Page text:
The Asia Times reports on the Taiwan government’s decision to open tourism in Taiwan to (wealthier) Chinese:

Currently, 61 Taiwan travel agents are entitled to conduct this business. Chinese tourists have to prove that they have full-time employment or own at least NT$200,000 in assets. Such tourists will also only be allowed to enter and leave Taiwan in tour groups of between 15 and 40 people, which must include a tour guide. Permission to visit Taiwan will not be granted to Chinese civil servants, military or political officials, or Chinese citizens who have broken the law within five years before their applications. Chinese tourists attending a seven-day tour are entitled to have one day of free time, while those attending eight to ten-day tours are entitled to one-and-a-half days of free time. But on such days, the tourists are required to be back at their hotels by 11pm.

The restrictions do not end there. Travel agents managing Chinese tourists are required to check and report on the status of the tourists to the Tourism Bureau within two hours of their arrival and departure in Taiwan. In the event of overstays by their clients, travel agents can be banned from bringing more groups to Taiwan. The bans can last from between one month to a year, depending on the number of clients who overstay their visas.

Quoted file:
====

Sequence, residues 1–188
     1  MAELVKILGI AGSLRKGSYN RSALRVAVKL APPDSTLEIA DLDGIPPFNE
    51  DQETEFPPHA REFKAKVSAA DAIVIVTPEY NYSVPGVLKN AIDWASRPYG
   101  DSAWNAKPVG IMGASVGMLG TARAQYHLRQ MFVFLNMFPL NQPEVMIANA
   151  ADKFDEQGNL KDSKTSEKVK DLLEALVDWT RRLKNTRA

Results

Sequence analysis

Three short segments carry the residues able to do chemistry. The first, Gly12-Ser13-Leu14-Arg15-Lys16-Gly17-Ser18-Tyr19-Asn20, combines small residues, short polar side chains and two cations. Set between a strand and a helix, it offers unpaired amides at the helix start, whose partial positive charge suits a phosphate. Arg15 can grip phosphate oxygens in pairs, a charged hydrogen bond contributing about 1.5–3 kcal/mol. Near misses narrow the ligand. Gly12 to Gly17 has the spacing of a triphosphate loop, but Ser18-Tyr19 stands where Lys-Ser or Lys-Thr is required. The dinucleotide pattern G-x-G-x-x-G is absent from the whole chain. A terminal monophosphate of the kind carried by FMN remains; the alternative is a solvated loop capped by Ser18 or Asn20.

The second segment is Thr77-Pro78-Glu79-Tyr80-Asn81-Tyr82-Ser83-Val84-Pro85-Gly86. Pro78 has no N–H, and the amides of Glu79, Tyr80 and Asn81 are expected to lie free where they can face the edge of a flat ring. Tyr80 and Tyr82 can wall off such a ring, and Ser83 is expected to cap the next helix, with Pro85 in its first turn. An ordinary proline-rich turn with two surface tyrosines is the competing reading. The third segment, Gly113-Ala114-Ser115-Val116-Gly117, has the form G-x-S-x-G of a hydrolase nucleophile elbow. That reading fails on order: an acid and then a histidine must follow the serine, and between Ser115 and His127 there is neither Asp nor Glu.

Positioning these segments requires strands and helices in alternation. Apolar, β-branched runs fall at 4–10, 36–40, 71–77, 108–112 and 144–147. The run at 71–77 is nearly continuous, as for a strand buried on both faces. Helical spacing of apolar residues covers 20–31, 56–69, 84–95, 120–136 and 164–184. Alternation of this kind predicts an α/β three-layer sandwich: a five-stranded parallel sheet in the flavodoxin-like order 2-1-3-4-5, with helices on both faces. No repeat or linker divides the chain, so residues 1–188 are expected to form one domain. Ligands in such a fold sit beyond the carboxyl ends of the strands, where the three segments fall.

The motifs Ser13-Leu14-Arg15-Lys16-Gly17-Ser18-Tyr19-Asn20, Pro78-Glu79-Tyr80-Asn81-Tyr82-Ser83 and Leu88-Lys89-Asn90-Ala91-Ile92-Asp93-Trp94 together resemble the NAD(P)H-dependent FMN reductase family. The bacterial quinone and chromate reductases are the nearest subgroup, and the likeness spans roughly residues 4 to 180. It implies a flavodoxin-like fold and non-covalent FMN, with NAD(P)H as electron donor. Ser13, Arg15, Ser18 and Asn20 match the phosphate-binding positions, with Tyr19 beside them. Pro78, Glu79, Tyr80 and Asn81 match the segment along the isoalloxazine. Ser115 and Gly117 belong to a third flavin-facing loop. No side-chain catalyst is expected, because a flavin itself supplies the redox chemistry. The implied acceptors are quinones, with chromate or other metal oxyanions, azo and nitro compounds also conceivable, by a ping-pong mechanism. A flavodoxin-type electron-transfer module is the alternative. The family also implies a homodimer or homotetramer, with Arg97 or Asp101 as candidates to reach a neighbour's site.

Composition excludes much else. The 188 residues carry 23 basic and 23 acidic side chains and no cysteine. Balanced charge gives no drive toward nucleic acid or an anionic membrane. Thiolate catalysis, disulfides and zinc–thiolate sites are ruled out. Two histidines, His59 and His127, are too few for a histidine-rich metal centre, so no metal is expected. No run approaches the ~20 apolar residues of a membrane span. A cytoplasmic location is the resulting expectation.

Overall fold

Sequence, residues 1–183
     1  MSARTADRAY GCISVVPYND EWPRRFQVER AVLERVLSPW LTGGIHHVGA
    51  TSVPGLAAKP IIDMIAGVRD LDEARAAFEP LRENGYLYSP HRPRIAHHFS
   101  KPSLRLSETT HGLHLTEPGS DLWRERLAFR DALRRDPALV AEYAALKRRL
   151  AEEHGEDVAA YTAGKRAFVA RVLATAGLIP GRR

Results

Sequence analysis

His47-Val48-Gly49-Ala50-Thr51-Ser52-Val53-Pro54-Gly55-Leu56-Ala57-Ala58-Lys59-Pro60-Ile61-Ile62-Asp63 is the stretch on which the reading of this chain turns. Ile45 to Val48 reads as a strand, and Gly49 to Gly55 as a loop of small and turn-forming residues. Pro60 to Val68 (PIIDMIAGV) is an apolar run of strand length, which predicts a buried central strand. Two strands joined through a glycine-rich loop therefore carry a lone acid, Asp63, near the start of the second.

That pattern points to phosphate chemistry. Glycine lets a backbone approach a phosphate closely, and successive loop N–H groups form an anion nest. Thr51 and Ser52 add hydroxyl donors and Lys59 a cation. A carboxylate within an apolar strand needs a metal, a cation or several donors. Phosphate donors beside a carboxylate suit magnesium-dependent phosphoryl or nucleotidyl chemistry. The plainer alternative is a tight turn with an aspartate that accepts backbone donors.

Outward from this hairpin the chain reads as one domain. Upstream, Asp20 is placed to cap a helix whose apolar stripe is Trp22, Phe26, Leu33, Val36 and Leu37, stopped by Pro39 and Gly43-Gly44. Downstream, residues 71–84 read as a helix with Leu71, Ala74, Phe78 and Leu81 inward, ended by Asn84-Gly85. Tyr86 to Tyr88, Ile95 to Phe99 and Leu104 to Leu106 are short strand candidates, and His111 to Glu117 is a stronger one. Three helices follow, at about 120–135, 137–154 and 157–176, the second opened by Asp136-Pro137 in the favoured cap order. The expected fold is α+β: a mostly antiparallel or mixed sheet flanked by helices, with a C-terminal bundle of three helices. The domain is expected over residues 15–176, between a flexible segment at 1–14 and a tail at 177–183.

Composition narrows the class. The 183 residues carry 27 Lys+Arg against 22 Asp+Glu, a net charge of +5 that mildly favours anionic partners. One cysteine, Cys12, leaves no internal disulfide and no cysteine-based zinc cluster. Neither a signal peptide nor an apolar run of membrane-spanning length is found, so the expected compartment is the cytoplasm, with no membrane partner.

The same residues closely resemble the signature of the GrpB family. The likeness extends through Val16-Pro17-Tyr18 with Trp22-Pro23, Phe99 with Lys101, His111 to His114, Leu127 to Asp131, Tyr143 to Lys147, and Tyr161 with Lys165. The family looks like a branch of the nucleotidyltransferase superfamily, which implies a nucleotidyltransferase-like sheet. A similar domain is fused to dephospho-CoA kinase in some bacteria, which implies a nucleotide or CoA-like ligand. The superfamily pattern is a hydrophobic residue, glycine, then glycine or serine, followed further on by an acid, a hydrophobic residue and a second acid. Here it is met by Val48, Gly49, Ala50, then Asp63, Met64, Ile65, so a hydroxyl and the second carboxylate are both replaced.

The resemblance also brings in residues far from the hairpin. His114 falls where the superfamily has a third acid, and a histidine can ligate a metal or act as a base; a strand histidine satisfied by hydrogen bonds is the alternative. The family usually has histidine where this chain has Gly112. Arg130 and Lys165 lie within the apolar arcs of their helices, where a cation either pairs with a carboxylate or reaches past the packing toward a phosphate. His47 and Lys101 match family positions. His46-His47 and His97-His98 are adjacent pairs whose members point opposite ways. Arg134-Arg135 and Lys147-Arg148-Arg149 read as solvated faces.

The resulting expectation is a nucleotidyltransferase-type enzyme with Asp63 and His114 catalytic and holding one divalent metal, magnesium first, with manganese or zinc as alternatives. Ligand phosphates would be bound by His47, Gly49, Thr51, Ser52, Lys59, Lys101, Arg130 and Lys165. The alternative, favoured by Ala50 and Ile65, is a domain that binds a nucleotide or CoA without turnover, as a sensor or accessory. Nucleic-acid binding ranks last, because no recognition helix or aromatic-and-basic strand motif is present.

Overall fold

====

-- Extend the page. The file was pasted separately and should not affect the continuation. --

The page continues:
Travel agents will have their quotas for Chinese tourists reduced if too many overstay their visas or disappear. Eric Chang, chairman of Taiwan’s China International Youth Travel Service, noted that the mechanism is actually not fair to travel agents, since it places responsibility on local travel agents to verify Chinese tourists’ identifications. “If the government cannot do so, how can we?” he noted, adding that it is unlikely that many Chinese tourists would “escape”, since due to the net worth requirements, these tourists are nominally far wealthier than the average Taiwanese.